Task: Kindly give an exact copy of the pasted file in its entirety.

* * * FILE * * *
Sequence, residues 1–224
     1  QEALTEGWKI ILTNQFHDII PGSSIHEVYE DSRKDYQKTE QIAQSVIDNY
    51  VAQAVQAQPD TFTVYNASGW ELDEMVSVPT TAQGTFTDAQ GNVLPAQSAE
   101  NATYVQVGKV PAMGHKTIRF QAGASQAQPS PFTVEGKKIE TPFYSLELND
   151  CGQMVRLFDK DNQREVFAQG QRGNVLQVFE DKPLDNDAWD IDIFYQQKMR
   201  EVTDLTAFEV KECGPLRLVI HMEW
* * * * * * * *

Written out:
Sequence, residues 1–224
     1  QEALTEGWKI ILTNQFHDII PGSSIHEVYE DSRKDYQKTE QIAQSVIDNY
    51  VAQAVQAQPD TFTVYNASGW ELDEMVSVPT TAQGTFTDAQ GNVLPAQSAE
   101  NATYVQVGKV PAMGHKTIRF QAGASQAQPS PFTVEGKKIE TPFYSLELND
   151  CGQMVRLFDK DNQREVFAQG QRGNVLQVFE DKPLDNDAWD IDIFYQQKMR
   201  EVTDLTAFEV KECGPLRLVI HMEW